It seems funny to be talking about metrics so recently after our trip to the U.K. Once I realized you weren't talking about the metric system, I was able to apologize to Her Majesty's Royal Yeoman and we all had a good laugh.
It's an honest question though. Which metrics actually matter when measuring your content marketing?
Everyone loves metrics. They sound good. They make for snappy reports. They're also extremely easy to manipulate.
The Scam Metrics
Say, for example, your first 5 blog posts all got 20 views each after sharing them on your various outlets. Then, someone publishes a 6th post and decides to spend 10 dollars promoting it on facebook. That's probably going to lead to a significant jump in the number of views. So all of a sudden, your analyst or marketer is telling you that they created a 600% increase in blog views through their great work.
Nothing has significantly changed, because 600% increase from 20 is just 140 views. Not only that, because they were paid views, chances are good that there will not be any significant interaction or potential from those temporary viewers.
But if you're in a meeting and your marketer declares success in the content marketing efforts with the 600% thing, everyone is impressed and thinks the strategy must be working, and moves on.
Trouble is, you're tossing money at something that could be working -- but until you measure the statistics that actually matter to your bottom line, you'll never know if it's a waste of time and capital or not.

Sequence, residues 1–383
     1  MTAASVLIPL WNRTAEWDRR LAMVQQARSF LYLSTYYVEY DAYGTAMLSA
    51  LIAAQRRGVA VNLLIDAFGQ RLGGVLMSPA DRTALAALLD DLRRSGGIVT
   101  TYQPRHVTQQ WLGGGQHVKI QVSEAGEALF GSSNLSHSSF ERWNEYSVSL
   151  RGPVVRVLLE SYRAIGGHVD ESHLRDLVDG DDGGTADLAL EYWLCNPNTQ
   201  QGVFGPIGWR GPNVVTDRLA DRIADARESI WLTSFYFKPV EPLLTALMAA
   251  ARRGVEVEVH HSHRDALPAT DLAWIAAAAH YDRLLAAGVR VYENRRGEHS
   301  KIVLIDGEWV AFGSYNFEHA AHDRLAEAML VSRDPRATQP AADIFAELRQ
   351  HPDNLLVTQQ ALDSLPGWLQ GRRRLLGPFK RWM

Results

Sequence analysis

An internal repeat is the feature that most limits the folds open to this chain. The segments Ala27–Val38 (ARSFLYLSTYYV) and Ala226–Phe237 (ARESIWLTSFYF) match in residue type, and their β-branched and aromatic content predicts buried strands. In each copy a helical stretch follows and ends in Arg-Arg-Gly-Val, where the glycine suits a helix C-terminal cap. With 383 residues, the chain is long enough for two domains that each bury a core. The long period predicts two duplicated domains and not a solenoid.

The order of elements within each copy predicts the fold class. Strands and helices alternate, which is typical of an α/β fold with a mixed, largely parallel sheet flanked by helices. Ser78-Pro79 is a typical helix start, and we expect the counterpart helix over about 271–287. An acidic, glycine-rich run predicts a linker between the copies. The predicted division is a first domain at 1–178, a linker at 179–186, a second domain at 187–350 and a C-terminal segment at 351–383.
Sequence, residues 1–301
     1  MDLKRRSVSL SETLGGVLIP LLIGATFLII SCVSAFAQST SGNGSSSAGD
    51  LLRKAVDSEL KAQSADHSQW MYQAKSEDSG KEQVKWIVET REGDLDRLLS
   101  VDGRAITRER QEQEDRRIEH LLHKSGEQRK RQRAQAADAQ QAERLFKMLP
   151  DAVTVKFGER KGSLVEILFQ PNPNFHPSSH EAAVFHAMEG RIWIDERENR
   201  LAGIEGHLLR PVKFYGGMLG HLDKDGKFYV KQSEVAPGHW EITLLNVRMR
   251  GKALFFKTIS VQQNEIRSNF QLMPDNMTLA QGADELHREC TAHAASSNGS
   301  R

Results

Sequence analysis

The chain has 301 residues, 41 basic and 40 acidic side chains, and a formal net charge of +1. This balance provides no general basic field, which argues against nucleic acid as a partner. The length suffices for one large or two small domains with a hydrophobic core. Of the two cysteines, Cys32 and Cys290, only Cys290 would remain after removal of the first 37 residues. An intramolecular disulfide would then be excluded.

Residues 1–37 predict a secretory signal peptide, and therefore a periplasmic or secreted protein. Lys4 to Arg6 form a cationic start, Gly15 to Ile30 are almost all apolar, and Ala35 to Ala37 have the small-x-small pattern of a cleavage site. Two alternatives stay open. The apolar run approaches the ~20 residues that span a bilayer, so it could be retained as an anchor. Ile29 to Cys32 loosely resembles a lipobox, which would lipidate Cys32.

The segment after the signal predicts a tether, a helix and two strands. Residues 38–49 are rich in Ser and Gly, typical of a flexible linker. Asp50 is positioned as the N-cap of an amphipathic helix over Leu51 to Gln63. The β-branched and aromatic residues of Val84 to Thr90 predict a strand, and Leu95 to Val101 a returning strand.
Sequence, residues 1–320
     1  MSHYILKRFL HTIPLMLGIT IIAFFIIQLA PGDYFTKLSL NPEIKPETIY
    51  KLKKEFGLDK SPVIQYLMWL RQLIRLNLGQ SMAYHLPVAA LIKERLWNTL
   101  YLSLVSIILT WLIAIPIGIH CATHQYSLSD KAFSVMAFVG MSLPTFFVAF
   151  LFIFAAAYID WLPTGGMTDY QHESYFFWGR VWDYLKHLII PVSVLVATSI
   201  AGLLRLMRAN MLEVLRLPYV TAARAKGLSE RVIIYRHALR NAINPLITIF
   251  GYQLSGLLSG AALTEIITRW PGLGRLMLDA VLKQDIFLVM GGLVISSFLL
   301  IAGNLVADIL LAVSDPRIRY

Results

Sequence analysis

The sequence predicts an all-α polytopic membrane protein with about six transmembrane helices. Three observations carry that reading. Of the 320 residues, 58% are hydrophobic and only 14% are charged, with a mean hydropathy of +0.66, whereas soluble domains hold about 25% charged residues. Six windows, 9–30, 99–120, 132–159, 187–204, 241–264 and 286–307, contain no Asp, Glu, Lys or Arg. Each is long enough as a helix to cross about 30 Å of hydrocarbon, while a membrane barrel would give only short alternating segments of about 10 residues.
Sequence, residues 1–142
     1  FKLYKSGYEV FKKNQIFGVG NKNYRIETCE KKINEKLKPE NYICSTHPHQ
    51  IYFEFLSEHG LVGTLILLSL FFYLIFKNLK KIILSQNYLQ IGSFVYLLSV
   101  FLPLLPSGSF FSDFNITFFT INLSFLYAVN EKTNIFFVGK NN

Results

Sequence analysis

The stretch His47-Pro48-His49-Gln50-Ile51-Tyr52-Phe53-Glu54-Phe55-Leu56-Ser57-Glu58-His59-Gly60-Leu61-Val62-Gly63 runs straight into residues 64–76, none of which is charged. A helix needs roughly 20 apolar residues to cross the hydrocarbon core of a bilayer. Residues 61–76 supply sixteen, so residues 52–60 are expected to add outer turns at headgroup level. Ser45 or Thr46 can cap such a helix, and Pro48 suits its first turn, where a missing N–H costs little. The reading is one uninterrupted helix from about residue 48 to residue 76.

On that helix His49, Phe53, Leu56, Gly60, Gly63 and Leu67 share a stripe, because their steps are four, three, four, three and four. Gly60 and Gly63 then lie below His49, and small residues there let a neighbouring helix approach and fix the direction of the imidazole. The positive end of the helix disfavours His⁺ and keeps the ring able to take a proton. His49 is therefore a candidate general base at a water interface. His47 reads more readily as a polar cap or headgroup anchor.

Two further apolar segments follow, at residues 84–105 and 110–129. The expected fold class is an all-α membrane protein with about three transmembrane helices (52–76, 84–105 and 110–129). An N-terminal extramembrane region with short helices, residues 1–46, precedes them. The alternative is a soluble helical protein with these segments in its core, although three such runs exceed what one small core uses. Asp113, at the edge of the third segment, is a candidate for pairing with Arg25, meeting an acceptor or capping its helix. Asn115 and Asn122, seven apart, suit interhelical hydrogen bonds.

The Real Metrics
Here are metrics that you can measure and that matter.
Sales Converted Leads
Bill, a billion unique visitors doesn't mean anything if they're not converting. That's why being able to measure how people interact with your site is way more important than how many people actually use it.
To get to a sales converted lead, you have to know what your business goals are and which small conversion metrics you need to get to the big conversion.
Voice Share (How many people are talking about you?)
If you're making an attack, SEO or otherwise, on a longer-established company, you've got to outfox them. There's a good chance they're not using content marketing, and that's a great place to slip in. Here's why:
- Online buzz drives success. Content marketing creates content that people find funny, useful, or are otherwise compelled to consume.
- Content marketing is pretty much the same thing as SEO in 2018. Everybody needs keywords, but they have to be organic.
How much do people like you?
Nobody likes filling out stupid surveys, or surveys at all. So it's good news to hear that you don't need to make annoying pop-up survey requests just to find out how people feel about your brand.
Use a text analyzer to scan all the comments and social media feedback that you receive. It will determine the prevailing mood and tone that consumers have towards your product and provide valuable data not only for your product, but also for your content marketing.
Bring the team onboard (including the CEO)
Bill, people like vanity stats. They're an easy trap for you and I to fall in, and we've even been shown the light. It's important to get your marketing team on board, but even moreso to get the C-level to understand why real metrics matter. Show them this letter if you need to, or have them give me a call.
Once they're onboard, the whole company will be soon after.
Bill, don't skip over the vanity stats all the time. They're a nice morale boost. Just don't rely on them all the time, either.
Reel 'em in,